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    Margit Carstensen

    2/29/1940

    Margit Carstensen

    Biography

    Margit Carstensen (29 February 1940 – 1 June 2023) was a German theatre and film actress, best known outside Germany for roles in the works of film director Rainer Werner Fassbinder. Carstensen was born and raised in the northern German city of Kiel. Upon graduation from the local high school in 1958, she studied acting at the Hochschule für Musik und Theater Hamburg. This education led to her first stage appearances in Kleve, Heilbronn, Münster, and Braunschweig. In 1965, Carstensen began a four-year engagement with the German Playhouse in Hamburg. In 1969, she gained a local profile for her work in the Theater am Goetheplatz in Bremen, where she first met director Rainer Werner Fassbinder. She then worked under his direction in a comedy by the 18th-century Venetian Carlo Goldoni, The Coffee Shop (which was recorded for television in 1970), bringing her national attention in West Germany. She subsequently played the role of serial murderess Geesche Gottfried in the premiere of Fassbinder's own play Bremen Freedom (also televised, in 1972), and then in the title role of his Henrik Ibsen adaptation Nora Helmer (televised in 1974) derived from A Doll's House. Outside of theatre, Carstensen played leading roles in the Fassbinder films The Bitter Tears of Petra von Kant (1972), her best-known role for him; Martha (1974), analysing a traditional marriage in a contemporary setting; Fear of Fear (1975); Mother Küsters' Trip to Heaven (1975); Satan's Brew (1976); Chinese Roulette (1976) and Women in New York (1977). She also appeared in episodes of two Fassbinder television productions: Eight Hours Don't Make a Day (1972), and Berlin Alexanderplatz (1980). From 1973 to 1976, Carstensen held a steady acting engagement in Darmstadt. In 1977, she moved to West Berlin where she performed on the highly regarded Staatliche Schauspielbühnen. In 1982, she moved to Stuttgart in order to work with director Hansgünther Heyme, where she appeared in a series of plays directed by him. During this time, Carstensen also worked in international film productions, such as Andrzej Żuławski's Possession (1981) and Agnieszka Holland's Angry Harvest (1985); the latter was nominated for an Academy Award for Best Foreign Language Film. By the late 1980s, she had developed ongoing working relationships with German directors Werner Schroeter, Christoph Schlingensief, and Leander Haußmann. For the 2003–04 season, Carstensen appeared in the Vienna Burgtheater, in the premiere of Elfriede Jelinek's play Bambiland under the direction of Schlingensief. During the 2007–08 season Carstensen assisted with the Austrian-German TV documentary Mr. Karl – A Person for People, directed by Kurt Mayer. In 2016, she was still on television, appearing in the long-running series Tatort. Carstensen received many awards in her career. Among these were the 1973 German Film Awards (Gold), for her acting in The Bitter Tears of Petra von Kant, and the 2002 Bavarian Film Award, for her acting in Scherbentanz. In 1972 she was chosen by the German Film Critics Guild as Best Actress of the Year. In 2019, she was awarded the Götz-George-Preis for her life's work. Description above from the Wikipedia article Margit Carstensen, licensed under CC-BY-SA, full list of contributors on Wikipedia.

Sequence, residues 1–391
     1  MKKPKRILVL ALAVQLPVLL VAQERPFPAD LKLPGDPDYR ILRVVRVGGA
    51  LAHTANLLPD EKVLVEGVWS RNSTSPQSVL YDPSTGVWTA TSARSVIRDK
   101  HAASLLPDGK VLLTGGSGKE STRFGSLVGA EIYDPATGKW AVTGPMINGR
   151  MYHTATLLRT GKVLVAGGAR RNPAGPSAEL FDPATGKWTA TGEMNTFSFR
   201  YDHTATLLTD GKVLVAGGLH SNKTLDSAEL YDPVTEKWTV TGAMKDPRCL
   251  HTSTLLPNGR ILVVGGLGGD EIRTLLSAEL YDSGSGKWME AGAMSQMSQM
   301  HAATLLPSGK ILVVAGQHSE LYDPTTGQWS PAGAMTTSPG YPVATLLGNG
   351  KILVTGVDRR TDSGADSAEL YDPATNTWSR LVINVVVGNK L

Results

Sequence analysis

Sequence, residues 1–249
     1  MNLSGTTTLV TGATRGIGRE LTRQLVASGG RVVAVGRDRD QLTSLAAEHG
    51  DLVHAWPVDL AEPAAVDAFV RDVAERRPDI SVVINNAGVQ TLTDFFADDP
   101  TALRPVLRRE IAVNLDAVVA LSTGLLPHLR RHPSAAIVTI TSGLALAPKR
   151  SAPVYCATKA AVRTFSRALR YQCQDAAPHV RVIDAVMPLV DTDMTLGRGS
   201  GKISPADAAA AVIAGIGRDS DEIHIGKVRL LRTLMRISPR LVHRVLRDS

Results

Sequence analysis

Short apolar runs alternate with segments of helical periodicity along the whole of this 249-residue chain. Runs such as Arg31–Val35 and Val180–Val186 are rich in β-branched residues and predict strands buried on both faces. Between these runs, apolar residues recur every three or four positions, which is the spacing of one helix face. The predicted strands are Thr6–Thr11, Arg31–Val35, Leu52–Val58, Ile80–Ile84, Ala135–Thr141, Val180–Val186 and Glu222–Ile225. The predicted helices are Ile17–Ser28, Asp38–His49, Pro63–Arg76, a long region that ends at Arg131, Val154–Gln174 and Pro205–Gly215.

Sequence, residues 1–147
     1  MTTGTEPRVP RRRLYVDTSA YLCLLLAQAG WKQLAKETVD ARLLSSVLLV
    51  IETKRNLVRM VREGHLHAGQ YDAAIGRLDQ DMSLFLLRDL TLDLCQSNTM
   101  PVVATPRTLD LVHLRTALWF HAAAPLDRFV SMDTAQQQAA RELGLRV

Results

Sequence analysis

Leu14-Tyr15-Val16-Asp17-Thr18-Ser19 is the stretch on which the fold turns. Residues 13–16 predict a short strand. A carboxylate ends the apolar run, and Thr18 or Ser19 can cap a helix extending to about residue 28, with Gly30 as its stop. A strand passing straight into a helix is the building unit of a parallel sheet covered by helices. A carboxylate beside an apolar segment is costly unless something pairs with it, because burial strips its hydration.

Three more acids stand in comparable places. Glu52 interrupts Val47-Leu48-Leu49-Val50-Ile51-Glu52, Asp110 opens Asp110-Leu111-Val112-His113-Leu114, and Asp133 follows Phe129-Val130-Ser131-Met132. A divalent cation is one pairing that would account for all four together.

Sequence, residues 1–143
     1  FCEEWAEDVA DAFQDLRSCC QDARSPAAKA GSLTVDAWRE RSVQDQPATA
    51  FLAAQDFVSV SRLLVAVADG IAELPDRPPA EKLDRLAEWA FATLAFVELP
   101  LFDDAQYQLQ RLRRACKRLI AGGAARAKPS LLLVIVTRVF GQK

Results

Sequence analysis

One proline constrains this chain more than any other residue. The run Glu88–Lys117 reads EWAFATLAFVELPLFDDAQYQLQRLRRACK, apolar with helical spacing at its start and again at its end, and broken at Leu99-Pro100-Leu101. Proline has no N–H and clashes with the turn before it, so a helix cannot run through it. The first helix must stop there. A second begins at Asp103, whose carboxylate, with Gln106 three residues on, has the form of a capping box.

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    Margit Carstensen

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